Fifth in a series why socialism is the anti-agency.
Every few years, a useful illustration about socialism pops up that provides better clarity than when people think only in dollars:
Students in a college economics class argued that socialism worked and that no one would be poor and no one would be rich, a great equalizer.
The professor then said, “OK, we will have an experiment. All grades will be averaged and everyone will receive the same grade so no one will fail and no one will receive an A.”
After the first test, the grades were averaged and everyone got a B. The students who studied hard were upset and the students who studied little were happy. As the second test rolled around, the students who studied little had studied even less and the ones who studied hard decided they too wanted a free ride, so they studied little.
The second test average was a D. No one was happy.
When students took the third test, everyone received an F.
Over the course of the tests, scores never increased as bickering, blame and name-calling led to hard feelings. No one would study for the benefit of anyone else.
Every student failed the class but learned a great lesson – that socialism, whether applied to the economy or college grades, will always fail. When the reward is great, the effort to succeed is great, but when someone takes away the fruits of others’ labor, effort disappears.
It could not be simpler. The students achieved socialism’s vaunted goal of equality, but it was poor, boring, sterile and stale – the misery of sharing less and less. Socialism stamps out the variety that makes life enjoyable.
This lesson was learned the hard way in America’s early days.
Pilgrims in the famous Plymouth Colony, America’s first socialist republic, tried cultivating crops in common for two years. They nearly starved to death. Governor William Bradford recorded that …
“… the less industrious members of the colony came late to their work in the fields, and were slow and easy in their labors. Knowing that they and their families were to receive an equal share of whatever the group produced, they saw little reason to be more diligent in their efforts. The harder working among the colonists became resentful that their efforts would be redistributed to the more malingering members of the colony. Soon they, too, were coming late to work and were less energetic in the fields.”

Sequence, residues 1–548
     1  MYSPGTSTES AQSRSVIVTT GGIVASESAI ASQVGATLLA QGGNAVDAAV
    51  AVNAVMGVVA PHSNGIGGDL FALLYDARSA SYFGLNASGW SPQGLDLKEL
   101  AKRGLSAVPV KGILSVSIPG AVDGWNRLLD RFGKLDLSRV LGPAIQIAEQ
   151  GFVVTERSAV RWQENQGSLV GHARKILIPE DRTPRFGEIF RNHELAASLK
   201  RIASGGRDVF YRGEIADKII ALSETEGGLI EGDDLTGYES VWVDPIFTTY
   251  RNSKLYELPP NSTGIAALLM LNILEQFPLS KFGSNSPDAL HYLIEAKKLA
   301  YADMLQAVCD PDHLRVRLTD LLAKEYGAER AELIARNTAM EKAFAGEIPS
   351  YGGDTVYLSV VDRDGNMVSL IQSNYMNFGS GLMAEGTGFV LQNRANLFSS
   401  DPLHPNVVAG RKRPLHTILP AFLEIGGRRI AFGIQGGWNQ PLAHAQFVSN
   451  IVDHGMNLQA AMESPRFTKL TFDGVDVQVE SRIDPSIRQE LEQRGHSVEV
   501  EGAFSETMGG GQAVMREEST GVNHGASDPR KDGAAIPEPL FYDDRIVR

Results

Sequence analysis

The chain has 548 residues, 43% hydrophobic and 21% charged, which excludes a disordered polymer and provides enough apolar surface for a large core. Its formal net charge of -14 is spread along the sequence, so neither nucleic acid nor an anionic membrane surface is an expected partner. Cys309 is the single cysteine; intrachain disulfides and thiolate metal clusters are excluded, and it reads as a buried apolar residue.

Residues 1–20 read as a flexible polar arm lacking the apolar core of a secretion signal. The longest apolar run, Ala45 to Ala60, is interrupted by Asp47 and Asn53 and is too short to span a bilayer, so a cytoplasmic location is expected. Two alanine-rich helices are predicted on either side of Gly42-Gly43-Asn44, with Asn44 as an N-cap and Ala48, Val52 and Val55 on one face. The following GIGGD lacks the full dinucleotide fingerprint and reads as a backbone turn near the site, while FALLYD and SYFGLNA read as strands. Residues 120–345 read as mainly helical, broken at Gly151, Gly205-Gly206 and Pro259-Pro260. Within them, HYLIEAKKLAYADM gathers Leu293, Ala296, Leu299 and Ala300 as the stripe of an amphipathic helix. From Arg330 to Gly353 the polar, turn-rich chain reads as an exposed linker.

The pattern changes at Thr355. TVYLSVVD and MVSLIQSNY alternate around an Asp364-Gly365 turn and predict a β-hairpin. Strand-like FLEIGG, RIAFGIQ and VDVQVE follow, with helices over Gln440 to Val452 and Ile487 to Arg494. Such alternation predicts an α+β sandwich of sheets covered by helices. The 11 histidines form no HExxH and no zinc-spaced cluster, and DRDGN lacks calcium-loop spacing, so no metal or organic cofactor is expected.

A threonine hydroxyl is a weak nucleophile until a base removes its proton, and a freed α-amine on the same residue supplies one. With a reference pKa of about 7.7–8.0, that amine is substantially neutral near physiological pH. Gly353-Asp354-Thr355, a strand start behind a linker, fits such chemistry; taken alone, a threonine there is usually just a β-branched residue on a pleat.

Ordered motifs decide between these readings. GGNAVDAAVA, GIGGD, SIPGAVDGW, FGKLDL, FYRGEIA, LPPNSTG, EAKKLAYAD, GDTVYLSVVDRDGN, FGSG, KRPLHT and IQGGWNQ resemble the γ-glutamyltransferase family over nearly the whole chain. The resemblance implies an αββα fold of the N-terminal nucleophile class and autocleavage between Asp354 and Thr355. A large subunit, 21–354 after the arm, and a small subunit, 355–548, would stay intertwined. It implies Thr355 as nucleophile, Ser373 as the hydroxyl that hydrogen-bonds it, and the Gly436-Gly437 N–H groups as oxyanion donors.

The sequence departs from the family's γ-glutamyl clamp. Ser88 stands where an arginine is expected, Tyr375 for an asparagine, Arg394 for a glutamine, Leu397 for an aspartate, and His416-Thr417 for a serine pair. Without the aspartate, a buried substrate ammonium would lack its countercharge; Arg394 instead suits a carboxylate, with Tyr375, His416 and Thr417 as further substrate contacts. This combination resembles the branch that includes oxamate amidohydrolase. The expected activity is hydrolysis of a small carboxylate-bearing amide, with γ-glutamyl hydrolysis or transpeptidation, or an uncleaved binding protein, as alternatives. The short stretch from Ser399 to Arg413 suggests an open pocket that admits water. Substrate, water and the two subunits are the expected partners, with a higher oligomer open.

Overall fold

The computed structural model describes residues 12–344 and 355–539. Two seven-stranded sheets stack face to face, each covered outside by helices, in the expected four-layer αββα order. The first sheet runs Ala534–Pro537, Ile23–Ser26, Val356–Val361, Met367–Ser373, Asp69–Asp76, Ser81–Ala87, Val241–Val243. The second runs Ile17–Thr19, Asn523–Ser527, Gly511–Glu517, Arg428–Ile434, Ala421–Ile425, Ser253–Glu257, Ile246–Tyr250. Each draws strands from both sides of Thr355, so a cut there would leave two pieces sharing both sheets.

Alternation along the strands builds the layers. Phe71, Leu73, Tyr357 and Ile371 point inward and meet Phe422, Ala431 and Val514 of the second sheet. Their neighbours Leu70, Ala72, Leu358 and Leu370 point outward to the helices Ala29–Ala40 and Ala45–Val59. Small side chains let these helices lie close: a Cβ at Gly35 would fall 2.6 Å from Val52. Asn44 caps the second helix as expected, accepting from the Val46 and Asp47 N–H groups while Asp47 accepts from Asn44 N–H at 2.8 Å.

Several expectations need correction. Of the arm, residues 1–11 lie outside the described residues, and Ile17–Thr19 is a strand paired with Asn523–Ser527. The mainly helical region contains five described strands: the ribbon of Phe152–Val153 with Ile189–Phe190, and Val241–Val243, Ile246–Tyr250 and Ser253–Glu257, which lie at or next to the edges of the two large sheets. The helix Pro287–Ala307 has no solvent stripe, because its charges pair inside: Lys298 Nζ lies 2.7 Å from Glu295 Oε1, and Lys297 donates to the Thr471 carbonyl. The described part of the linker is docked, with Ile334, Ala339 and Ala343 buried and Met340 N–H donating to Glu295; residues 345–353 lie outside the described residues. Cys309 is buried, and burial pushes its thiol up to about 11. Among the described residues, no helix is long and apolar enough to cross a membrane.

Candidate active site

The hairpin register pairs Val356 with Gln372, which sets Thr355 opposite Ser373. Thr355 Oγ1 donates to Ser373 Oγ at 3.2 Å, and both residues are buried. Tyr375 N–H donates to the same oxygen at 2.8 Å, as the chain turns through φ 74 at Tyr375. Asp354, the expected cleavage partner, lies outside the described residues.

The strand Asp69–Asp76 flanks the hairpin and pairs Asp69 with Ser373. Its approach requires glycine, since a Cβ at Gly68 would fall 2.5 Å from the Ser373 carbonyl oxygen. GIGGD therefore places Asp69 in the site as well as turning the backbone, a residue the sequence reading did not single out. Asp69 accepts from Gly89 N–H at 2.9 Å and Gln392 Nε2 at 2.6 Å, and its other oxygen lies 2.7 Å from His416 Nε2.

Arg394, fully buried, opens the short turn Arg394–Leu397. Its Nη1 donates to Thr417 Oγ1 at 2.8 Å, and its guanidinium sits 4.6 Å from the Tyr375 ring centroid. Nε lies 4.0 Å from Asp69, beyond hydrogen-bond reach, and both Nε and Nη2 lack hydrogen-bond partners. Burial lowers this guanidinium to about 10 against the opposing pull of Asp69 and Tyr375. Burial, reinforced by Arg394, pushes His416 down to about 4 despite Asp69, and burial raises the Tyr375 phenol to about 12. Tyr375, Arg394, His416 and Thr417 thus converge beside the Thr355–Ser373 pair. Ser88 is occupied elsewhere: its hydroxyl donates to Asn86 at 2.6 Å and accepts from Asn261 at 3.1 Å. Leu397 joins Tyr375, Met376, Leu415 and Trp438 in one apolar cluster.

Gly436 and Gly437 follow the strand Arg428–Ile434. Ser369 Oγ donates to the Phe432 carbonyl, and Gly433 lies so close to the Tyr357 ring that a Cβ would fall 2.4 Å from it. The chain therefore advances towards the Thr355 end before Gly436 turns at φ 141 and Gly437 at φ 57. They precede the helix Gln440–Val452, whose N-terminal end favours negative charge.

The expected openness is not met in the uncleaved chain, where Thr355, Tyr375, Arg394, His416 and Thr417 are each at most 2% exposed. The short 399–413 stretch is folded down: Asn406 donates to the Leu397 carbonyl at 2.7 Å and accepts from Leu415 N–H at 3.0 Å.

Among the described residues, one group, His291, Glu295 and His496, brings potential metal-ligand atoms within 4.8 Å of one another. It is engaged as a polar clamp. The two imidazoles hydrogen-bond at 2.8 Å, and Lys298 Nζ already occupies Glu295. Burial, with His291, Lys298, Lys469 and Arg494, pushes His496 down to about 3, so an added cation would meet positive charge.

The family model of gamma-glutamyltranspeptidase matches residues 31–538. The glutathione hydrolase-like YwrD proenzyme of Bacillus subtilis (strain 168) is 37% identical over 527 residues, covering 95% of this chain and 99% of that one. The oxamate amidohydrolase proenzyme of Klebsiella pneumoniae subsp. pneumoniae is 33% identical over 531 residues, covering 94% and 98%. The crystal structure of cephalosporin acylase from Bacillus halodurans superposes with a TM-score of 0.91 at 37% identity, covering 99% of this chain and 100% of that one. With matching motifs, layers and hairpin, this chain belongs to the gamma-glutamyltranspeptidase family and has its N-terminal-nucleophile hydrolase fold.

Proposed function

So they abandoned the idea of communal property and gave each his own land. Guess what? Governor Bradford again, “It made all hands very industrious … and much more corn was planted than otherwise would have been.”
Same experience in the Jamestown colony in Virginia. Of 104 men in 1607, only 38 survived the first year of communal living. After the experiment was abandoned, Captain John Smith observed, “When our people were fed out of the common store, and labored jointly together, glad was he who could slip from his labor or slumber over his task …. We reaped not so much corn from the labors of thirty, as now three or four do provide for themselves.”
Both experiences demonstrate that socialism is based on faulty principles inconsistent with human behavior. When these early inhabitants finally woke to reality, they established property rights and free-market enterprise and prospered.
As Thomas Sowell observed: “Socialism in general has a record of failure so blatant that only an intellectual could ignore or evade it.”
Sadly, some today don’t learn from history. Panera Cares, a socialism experiment of its parent Panera Bread, had to close its doors. Customers were asked to pay what they could afford or felt like. It was mobbed by students and the homeless. Students ate without paying and the homeless would eat every meal there, paying very little. All told, the restaurant covered less than 70% of its total costs.
The same thing happened with Israel’s communal kibbutzim. Voluntary socialism? Back to the drawing boards.
Five morals from such stories:
- You cannot legislate the poor into prosperity by legislating the wealthy out of prosperity.
- What one person receives without working for, another person must work for without receiving.
- The government cannot give to anybody anything that the government does not first take from somebody else.
- You cannot multiply wealth by dividing it!
- When half of the people get the idea that they do not have to work because the other half is going to take care of them, and when the other half gets the idea that it does no good to work because somebody else is going to get what they work for, that is the beginning of the end of any nation.
Socialists think they can change one part of a system and the other parts will keep going as if nothing had happened – that they can dump a boulder into one end of a pond and not cause ripples at the other.
Socialism fails because it is inconsistent with fundamental principles of human behavior and our agency. It is a system that ignores incentives and strangles motivation.
God put hunger on the earth for a reason.
An excerpt from “The Magnificent Gift of Agency; To Act and Not Be Acted Upon” available in Deseret Book stores and at https://deseretbook.com/p/magnificent-gift-of-agency-to-act-and-not-be-acted-upon?variant_id=187364-hardcover